Vitamin D has received a lot of attention over the past decades, because of the extensive health-related research that has been published on it. Vitamin D, also called the sunshine vitamin, is a fat-soluble vitamin that is produced mainly when the skin comes into contact with the sun’s UV radiation. There are approximately 2,700 binding sites for vitamin D in the human genome (DNA), which suggests that vitamin D exerts influence on various nearby genes associated with autoimmune diseases.
There are two main forms of vitamin D that are taken from food or supplements –ergocalciferol, also known as D2, and cholecalciferol, or D3. Vitamin D3 is converted into 25-hydroxycholecalciferol in the body, and then 1,25-dihydroxyvitamin D (calcitriol) in the kidneys. Calcitriol is the most potent and active steroid form of vitamin D3, but is generally not measured unless an individual has kidney disease or if there is reason to believe the body is not converting the vitamin into its active form.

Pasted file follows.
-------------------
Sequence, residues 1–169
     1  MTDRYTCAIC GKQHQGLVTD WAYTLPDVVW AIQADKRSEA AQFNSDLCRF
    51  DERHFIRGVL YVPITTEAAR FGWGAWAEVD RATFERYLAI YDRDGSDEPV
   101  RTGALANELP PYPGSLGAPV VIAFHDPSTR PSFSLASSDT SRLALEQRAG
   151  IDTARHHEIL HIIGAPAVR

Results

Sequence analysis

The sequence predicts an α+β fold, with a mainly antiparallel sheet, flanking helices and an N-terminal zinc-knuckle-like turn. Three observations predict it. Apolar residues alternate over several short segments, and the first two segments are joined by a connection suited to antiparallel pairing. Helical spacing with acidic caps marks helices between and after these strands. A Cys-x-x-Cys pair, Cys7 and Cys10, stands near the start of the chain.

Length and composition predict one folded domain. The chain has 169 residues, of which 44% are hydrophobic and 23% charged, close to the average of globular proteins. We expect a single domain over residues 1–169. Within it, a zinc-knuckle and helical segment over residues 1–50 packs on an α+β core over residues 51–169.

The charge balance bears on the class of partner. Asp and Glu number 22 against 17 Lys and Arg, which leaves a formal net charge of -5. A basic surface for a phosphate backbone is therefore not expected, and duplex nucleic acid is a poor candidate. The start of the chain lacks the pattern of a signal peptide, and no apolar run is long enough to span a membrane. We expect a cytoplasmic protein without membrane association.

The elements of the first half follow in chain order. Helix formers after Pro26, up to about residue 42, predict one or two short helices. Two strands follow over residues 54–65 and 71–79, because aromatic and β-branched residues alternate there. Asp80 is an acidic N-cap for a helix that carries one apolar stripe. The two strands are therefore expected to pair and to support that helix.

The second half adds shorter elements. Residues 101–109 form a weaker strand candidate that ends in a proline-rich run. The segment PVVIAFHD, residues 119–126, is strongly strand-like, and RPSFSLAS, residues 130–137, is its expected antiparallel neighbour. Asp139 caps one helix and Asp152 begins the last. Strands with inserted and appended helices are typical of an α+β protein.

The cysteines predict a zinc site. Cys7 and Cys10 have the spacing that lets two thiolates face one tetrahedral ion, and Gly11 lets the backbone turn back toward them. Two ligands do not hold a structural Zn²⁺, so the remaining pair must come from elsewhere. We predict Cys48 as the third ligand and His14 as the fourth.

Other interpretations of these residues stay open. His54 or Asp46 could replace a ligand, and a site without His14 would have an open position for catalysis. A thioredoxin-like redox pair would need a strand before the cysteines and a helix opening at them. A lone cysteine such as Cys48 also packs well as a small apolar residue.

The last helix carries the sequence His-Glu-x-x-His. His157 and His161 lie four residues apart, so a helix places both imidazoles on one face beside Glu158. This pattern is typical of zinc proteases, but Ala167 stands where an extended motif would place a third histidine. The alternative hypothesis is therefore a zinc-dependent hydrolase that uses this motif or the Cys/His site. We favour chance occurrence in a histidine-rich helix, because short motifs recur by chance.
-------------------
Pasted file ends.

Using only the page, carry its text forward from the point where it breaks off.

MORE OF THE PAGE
Vitamin D plays an important role in the absorption of calcium from the intestines and is vital to bone strength. Measured in nanograms per milliliter (ng/mL), adult ranges of vitamin D may be found in the table below. Reference ranges for high and low values may vary according to the lab, so be sure to look at the ranges provided on your blood test form. Although getting vitamin D count on a routine blood test is becoming more popular, not all doctors request it. Make sure to ask your doctor to include this marker when you get your blood drawn.
|VITAMIN D OPTIMAL RANGES|
|25 Hydroxy D|
|<40 ng/mL||40 – 60 ng/mL||60 + ng/mL|